Those of you who follow the rationale of ‘The Invitation to God’s Table,’ and the explanation of why we are here in church, know that my brief weekly recitation represents a way my mind has changed in order to solidify complicated beliefs affirmed in the church’s doctrines over the years, by putting them instead into smaller nuggets of truth. For example, during the pastoral assignments I’ve held serving culturally-diverse cures, I have come to appreciate the relevance of God’s Heavenly Banquet. Particularly in regard to the liturgy, I make the bold and obvious claim that ‘table fellowship’ is what we do in this building. I reiterate that it’s a common meal for all, and we come together not out of any sense of exclusiveness or superiority, but because we seek unification with those who are simply different from us. Jesus in all his teachings pointed toward a society that includes everyone – a beloved community.

 

What’s new for me, therefore, in my thinking about Trinity Church, is the realization that the offer of Holy Communion at God’s Table has been extended to members of this community, ironically, since 1819. That’s a long, long time – 200 years of history - and in fathoming that Bicentennial fact, it has changed my mind about this church, and to a certain extent changed my thinking about our Christian faith. Faith endures, just as Trinity Church has endured for these past 200 years. And Trinity Church is likely to prevail for another 200 years, God willing, if we remain open and responsive to God’s will. In the days ahead, most assuredly, things will be very different, very new, and totally unexpected; yet let that sink-in for a moment, and think about it.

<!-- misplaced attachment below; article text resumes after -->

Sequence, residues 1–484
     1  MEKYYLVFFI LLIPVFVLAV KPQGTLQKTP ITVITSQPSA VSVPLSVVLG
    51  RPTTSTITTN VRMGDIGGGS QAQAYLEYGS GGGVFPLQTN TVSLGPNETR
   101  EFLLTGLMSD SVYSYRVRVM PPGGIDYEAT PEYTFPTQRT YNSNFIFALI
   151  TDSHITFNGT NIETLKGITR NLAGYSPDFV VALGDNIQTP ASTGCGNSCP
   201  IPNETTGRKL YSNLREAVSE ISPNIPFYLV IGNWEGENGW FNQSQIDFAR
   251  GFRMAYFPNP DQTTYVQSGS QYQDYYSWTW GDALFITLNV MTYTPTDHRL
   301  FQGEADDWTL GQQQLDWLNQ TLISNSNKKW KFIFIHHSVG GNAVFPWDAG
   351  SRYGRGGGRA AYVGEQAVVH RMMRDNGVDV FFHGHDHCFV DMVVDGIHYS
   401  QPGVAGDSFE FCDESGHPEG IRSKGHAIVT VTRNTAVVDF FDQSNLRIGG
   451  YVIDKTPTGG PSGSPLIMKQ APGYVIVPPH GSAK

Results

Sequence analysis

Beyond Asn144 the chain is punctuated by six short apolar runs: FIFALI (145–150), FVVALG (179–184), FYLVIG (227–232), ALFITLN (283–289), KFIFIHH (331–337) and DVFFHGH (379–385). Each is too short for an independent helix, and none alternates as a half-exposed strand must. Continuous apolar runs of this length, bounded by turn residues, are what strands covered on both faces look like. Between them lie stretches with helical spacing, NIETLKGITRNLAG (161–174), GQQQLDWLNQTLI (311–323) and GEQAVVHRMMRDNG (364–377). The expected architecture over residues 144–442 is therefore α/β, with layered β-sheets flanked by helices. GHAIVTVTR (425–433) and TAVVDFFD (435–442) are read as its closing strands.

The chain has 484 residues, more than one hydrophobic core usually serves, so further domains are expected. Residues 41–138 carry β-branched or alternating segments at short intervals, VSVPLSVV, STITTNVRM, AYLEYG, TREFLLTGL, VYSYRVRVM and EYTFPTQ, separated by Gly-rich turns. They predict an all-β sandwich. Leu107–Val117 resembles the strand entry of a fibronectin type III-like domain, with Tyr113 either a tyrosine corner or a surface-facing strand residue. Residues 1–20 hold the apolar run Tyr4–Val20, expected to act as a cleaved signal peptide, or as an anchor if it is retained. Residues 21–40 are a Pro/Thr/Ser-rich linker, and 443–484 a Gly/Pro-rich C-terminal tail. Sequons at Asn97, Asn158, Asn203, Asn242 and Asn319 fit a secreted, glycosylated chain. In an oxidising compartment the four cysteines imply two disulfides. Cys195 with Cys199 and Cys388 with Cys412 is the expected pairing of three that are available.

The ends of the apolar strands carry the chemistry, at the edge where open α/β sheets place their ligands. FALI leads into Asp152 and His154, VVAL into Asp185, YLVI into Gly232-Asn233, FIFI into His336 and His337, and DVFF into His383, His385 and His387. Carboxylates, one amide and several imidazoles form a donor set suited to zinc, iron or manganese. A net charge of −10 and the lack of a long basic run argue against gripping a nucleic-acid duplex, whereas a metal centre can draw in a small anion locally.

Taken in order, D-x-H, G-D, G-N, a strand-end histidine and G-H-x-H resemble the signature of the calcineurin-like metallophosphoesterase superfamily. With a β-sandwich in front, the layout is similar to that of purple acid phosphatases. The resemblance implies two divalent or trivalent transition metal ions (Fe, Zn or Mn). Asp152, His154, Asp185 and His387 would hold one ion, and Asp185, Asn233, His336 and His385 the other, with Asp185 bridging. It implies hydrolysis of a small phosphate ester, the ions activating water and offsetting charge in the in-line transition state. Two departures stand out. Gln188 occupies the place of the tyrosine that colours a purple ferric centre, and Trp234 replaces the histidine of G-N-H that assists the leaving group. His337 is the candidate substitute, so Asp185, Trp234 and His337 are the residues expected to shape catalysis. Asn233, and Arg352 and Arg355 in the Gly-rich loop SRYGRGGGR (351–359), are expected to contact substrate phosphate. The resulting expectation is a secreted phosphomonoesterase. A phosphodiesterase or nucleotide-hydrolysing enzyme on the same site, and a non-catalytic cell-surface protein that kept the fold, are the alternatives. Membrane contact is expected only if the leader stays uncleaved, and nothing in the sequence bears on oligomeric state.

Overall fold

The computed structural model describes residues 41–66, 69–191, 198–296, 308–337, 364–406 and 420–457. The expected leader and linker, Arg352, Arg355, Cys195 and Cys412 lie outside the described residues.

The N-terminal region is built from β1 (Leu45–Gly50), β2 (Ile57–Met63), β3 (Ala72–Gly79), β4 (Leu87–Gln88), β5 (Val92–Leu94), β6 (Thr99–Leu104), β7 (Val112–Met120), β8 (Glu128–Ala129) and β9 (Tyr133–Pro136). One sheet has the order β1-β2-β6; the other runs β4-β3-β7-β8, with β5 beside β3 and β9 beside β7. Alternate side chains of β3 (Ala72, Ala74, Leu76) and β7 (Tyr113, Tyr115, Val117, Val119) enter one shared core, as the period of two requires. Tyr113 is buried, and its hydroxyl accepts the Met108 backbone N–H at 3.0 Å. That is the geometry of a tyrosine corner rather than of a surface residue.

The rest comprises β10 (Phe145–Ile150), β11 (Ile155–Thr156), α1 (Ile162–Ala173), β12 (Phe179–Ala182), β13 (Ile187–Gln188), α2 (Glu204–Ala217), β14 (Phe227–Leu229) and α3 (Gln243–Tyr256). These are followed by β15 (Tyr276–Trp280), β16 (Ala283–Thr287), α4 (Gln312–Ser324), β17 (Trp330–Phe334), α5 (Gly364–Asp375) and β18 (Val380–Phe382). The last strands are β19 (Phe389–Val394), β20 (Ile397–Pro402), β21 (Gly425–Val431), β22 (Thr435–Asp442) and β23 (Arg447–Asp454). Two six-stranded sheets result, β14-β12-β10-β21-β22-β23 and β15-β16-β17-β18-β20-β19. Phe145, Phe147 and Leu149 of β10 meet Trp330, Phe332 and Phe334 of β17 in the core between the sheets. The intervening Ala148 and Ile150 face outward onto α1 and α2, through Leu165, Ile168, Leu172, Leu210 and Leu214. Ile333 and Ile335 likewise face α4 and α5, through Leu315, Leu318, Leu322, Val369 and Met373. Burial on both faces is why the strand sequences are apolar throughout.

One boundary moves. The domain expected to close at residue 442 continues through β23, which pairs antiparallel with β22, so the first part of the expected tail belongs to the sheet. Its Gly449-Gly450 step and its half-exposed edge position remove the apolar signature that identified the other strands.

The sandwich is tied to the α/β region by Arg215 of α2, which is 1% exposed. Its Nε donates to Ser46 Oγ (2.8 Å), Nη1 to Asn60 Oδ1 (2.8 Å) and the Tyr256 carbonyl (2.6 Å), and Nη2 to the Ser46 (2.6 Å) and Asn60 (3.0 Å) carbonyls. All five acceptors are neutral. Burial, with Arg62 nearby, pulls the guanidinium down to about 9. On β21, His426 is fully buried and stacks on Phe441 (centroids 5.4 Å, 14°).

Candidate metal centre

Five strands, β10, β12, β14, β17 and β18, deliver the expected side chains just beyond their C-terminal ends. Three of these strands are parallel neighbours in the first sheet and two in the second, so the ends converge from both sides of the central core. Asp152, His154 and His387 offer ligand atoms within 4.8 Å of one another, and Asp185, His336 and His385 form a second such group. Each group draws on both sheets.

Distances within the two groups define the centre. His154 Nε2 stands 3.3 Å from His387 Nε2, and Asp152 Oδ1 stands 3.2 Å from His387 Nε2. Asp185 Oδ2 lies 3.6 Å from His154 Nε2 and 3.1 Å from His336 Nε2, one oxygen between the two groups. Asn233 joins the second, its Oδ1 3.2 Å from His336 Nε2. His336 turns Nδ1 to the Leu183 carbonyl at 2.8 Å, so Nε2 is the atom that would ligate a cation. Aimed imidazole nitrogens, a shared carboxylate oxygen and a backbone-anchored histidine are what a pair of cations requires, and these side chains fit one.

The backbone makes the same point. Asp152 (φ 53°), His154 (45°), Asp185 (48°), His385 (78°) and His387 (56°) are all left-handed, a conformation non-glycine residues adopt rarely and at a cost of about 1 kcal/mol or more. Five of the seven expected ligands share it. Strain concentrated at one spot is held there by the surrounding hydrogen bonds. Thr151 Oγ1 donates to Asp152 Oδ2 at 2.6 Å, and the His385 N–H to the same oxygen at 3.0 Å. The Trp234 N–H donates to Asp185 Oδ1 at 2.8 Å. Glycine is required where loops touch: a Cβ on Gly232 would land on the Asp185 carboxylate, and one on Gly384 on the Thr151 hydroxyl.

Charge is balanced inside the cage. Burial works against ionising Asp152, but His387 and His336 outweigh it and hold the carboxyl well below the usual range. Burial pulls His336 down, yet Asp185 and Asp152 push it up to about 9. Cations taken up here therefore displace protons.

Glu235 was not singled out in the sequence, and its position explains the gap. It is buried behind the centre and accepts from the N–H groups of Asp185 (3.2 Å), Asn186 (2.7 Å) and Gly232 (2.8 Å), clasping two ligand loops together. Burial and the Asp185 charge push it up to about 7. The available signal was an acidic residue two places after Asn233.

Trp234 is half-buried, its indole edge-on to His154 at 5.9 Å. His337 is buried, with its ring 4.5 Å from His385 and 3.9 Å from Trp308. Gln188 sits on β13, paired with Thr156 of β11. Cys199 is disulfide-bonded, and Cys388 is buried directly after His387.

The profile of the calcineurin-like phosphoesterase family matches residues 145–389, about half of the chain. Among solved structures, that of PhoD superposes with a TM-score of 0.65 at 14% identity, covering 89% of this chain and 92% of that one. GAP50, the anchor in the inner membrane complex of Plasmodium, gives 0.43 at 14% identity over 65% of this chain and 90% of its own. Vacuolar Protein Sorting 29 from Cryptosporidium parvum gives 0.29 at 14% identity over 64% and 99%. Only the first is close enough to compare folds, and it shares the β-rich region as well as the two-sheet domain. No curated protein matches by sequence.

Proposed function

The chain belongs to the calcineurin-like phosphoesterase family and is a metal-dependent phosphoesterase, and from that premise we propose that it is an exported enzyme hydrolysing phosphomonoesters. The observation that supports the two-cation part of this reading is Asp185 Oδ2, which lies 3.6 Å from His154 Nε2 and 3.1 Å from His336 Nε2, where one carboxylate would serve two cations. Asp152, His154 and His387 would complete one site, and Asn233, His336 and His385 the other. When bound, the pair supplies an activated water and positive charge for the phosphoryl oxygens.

In truth, God, and only God, has the capacity, the purpose, and the will to ultimately transform Trinity Church in God’s own time – and it will be a Kairos transformational moment, a fait‘compli, if you will, integrated into God’s time and in God’s way, not ours. I can promise you this. Salvation will not be achieved in our time according to our way of doing things – instead - just the opposite. Only God is in charge. The world is in God’s hands, even as we seek to accomplish “thy kingdom come, thy will be done, on earth as it is in heaven.”